How To Mix Single Coils and Humbuckers

Mixing Single Coil pickups and Humbuckers present a wide array of challenges to the average guitarist. HSS Strats, Telecasters, and other mixed-pickup guitars all have this problem, and most of the time, it goes overlooked by the guitarist. We get a lot of calls and spend a lot of time talking through this issue – there’s no one real solution – but many solutions that might fit your needs. Let’s talk some basics first:

The Problem:

Think of Single Coil Pickups (Vintage Hot or Stock Telecaster) and Humbuckers (Pure P.A.F. or Standard) as two different animals when it comes to tone and output. A single coil is usually 8-9,000 turns of wire on a single bobbin, whereas humbuckers are two single coils wired in series – a lot more output and a completely different and darker tone. Check out this reference:

Single Coils:

  • Are usually brighter than humbuckers in tone
  • Usually need 250K Volume Pots due to their brightness
  • Are a lot less output than humbuckers

Humbuckers:

  • A lot darker than single coil pickups
  • Usually need 500K Pots
  • More powerful than single coils

Confused on Pot Values? Check out our Volume and Tone Pots 101 Post.

Mixing these two in a guitar with a single master volume pot usually means you need to sacrifice something. Do you use a 500K volume pot for your bridge humbucker and have brighter-sounding single coils, or vice versa?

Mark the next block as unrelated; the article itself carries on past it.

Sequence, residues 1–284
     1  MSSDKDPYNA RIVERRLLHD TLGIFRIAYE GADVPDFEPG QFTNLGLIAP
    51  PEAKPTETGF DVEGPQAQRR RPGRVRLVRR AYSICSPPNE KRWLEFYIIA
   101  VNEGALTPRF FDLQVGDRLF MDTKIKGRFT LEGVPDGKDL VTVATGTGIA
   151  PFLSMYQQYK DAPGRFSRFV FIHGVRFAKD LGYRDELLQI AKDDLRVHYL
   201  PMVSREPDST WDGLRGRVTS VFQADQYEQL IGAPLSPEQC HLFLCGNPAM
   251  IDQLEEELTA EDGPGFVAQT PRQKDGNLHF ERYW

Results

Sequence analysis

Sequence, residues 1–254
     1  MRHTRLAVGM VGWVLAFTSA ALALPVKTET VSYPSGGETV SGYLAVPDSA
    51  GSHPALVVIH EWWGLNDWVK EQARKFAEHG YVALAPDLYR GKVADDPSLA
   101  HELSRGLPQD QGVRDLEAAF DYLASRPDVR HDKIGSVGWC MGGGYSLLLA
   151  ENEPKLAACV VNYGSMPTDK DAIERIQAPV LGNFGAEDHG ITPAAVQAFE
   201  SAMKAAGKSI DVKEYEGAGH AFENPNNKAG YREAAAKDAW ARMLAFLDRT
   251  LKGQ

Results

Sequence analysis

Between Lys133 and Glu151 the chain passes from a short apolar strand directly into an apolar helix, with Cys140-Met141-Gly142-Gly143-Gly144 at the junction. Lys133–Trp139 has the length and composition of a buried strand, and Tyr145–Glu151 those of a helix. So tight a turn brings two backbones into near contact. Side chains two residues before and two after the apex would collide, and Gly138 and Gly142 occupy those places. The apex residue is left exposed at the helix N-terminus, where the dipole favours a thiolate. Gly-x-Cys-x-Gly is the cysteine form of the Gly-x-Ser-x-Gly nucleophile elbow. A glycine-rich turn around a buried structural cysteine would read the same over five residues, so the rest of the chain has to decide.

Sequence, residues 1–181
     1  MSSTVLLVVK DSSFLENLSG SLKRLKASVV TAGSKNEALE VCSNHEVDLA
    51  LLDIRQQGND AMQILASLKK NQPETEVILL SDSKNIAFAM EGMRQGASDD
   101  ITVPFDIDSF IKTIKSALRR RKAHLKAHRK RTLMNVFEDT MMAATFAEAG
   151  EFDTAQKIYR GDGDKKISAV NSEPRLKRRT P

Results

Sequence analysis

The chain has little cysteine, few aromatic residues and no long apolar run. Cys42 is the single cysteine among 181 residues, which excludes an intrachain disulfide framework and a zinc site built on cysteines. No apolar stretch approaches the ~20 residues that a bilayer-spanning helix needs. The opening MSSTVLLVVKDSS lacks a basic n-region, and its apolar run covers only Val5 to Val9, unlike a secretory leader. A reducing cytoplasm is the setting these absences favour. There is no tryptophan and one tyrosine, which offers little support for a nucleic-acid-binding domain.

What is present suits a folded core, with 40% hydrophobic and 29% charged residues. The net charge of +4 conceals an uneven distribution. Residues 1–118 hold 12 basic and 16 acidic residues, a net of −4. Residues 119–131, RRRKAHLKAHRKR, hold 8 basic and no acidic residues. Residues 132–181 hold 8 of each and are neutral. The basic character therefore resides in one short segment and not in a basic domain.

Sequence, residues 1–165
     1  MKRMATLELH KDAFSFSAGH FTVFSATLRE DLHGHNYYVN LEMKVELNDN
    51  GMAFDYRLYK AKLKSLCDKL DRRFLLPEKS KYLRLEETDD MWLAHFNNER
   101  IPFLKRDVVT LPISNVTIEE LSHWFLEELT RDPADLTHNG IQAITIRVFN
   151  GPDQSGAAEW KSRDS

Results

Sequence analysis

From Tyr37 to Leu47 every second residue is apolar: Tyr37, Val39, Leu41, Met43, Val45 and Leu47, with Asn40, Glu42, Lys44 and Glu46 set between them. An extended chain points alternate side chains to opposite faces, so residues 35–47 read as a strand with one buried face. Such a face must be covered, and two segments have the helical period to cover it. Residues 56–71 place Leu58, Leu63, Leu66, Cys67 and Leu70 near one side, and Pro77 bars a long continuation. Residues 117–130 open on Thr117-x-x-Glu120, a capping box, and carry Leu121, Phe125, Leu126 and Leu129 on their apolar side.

Know Yourself:

Ask yourself: what position do I play the most? Do I love the sound of the Strat neck Pickup and only occasionally use the bridge? Or, do I rock out with the bridge humbucker a lot and rarely play the single coils? Knowing the answer to this question will help you choose the right wind of pickups, and solution that might work best for you. Let’s walk through a few different scenarios and solutions to see which one might fit!


Solution #1: Choose the correct Pickup Wind & Tone.

This is our most recommended solution. Choose the most compatible pickup outputs and tone. 

If you have a guitar with mixed pickups, spending time choosing pickups that work well together in the first place is our most recommended solution. This may involve using a brighter-sounding or lower-output humbucker to match with your single coils, or getting darker and more powerful single coils to keep up with your humbucker.

A few examples of this might include using Blues Specials or High Output Single Coils with a Pure P.A.F. bridge. Or, get darker-sounding single-coils (Steel Pole 42 / Steel Pole 43, High Output) to compensate, and use a 500K pot on the whole guitar.

You can also use pickups that are voiced similar, but with different designs. For instance, check out our Sunbucker, Big Single (42 Gauge) and Twangmaster – all are humbucker sized pickups that are bright and snappy, and use 250K pots.

Split Blades Give you a lot of options here. For instance, Blues and Super High Output Split Blades sound best with 500K pots, making them perfect for HSS guitars and Telecasters. You can use a 500K Pot on the whole guitar, and your pickups won’t be too overly bright.

Solution #2: Use a 300K Volume Pot.